By Jim Schutze
By Rachel Watts
By Lauren Drewes Daniels
By Anna Merlan
By Lee Escobedo
In the meantime the Corps announced that the "Balanced Vision Plan," devised under former Mayor Laura Miller that called for the road to be built up on the sides of the levees, was not going to happen. After Hurricane Katrina devastated New Orleans, the Corps nixed the idea of building a highway on the Dallas levees.
Hunt had already squeezed out of them an admission that no major highway had ever been built on or inside flood control levees before in the history of the United States. Post-Katrina, someone at the Corps must have decided against doing shake-and-bake experiments with a highway on top of the Dallas levees.
The city council presentation announcing the change showed that moving the road off the levees and closer to the river would shrink the downtown Trinity park from 136 to 91 acres, a reduction of one-third.
The problem for Hunt was that nobody in the public seemed to know or care about any of it, as she found in talking both to neighborhood groups in her district and to her colleagues on the city council.
"When I would go talk to neighborhoods, I just bluntly asked people, 'Well, what about this toll road down between the levees?' And I got these blank stares. 'What are you talking about?'
"No one knew about it. There was total ignorance of it, but once they got over that ignorance there was disbelief. 'Why would we put a toll road down there?' And it was very fast going from ignorance to disbelief to anger. That was kind of the flow of emotion that I encountered."
What she found among fellow council members was apathy. Proving my thesis that none of them even watch the PowerPoint presentations, most of them told Hunt they thought the road was still going up on the levee.
"I asked some of the new ones, 'What do you think of this? We're putting a toll road down there.' They really didn't believe it. They thought I was mistaken. They said, 'I think you're mistaken about that. It's going to be on the levees or right outside, some other explanation, but it's not going to be in there between the levees.'"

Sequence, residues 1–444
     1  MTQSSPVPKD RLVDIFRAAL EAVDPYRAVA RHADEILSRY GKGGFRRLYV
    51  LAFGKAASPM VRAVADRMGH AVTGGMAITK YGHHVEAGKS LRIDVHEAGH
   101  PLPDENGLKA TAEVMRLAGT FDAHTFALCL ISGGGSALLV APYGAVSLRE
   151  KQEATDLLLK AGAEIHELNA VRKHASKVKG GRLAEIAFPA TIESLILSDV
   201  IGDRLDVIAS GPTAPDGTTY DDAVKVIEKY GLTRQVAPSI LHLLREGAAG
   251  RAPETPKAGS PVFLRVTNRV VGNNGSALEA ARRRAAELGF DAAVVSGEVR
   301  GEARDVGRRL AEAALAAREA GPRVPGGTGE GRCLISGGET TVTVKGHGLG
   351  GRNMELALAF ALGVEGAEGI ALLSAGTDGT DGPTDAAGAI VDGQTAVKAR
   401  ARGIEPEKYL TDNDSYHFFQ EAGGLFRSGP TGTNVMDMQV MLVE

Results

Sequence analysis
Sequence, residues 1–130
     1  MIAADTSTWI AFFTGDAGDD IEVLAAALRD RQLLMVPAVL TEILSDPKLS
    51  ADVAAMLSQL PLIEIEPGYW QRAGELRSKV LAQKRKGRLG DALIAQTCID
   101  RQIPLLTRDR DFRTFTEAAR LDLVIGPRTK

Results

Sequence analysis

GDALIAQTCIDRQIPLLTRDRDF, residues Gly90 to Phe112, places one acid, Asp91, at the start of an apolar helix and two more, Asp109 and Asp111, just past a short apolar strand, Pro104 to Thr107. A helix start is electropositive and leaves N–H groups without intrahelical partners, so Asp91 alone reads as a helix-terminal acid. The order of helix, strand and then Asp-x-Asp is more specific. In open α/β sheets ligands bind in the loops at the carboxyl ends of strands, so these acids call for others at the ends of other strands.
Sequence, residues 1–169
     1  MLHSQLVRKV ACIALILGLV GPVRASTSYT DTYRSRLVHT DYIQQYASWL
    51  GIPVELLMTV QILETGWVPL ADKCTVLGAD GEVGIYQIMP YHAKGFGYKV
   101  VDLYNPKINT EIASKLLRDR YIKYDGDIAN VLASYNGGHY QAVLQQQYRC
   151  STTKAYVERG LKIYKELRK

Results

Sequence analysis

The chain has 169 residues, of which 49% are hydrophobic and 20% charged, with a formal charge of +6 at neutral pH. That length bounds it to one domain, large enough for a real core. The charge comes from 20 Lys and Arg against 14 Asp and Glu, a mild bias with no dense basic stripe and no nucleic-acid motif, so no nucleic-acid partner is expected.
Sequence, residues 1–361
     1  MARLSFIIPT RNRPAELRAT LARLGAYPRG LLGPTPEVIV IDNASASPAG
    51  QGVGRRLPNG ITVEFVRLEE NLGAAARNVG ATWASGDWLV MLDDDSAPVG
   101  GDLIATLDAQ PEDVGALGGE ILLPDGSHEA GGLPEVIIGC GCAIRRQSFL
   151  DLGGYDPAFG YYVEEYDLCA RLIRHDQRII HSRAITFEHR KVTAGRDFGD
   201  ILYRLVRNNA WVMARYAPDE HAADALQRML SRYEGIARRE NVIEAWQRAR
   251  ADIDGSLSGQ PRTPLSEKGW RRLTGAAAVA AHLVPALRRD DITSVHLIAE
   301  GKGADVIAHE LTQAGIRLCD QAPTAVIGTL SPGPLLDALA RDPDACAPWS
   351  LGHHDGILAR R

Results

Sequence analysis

Even more upsetting to Hunt than the park shrinkage was a slide in a PowerPoint presentation informing the council that the Corps might impose new, tougher safety standards on levees nationally and that these new standards might interfere with plans for the toll road. The slide said that the tollway authority "hopes to get a waiver or exception to prevent further modification of their current plans."
Hunt was appalled that the city would allow the toll authority to seek weakened safety standards for downtown Dallas. If the Trinity levees ever give way, the damage both in property loss and life will far outstrip Katrina in New Orleans, because the Trinity levees protect our downtown, not residential neighborhoods.
Why was this 10-mile road so important to its backers? Why did the city's wealthiest and most powerful men support the toll road from it inception, funneling cash into the pro-highway campaign at $100,000 a clip, according to the most recent campaign finance reports? The answer is money.
In 2002, a study commissioned by the city council found that the toll road had almost no economic value to the city. It would not spur economic development in downtown, Oak Cliff, or the poor, predominantly black and Hispanic neighborhoods near the river, The Dallas Morning News reported.
But there was one neighborhood that stood to benefit enormously from the toll road. "It is the aging warehouse district where the new highway would intersect Stemmons and State Highway 183," Morning News reporter Victoria Loe Hicks wrote. "Without the tollway, that area would see little or no economic development, the study predicts. With the tollway, it would be a good candidate to sprout sleek, suburban-style office campuses."
And who exactly owned much of the land down there? Real estate tycoon Harlan Crow and oil and real estate billionaire Ray Hunt, according to the Morning News.
When Angela Hunt confronted her fellow council members on those issues, she says she ran into a brick wall. "They said, 'Look, Angela, this toll road has been planned for a long time. This is the only place it can go. It's on track. And you don't want to destroy the project. We can't really change this now. It's too late,' and 'Blah-blah-blah.'
"So I knew that if we were going to make a change it would not be through the political channels. There simply weren't eight votes to make the type of change that needed to be made.
"But I knew from reading the charter that a referendum was an option."
When Hunt started openly discussing a referendum as a possibility, some of the old Trinity crowd felt their first and last pangs. It wasn't that they thought she was reaching too far. But they wondered if this woman in her mid-30s, who didn't grow up in Dallas, really understood what was going to happen to her if she challenged the downtown power elite in so direct and serious a fashion.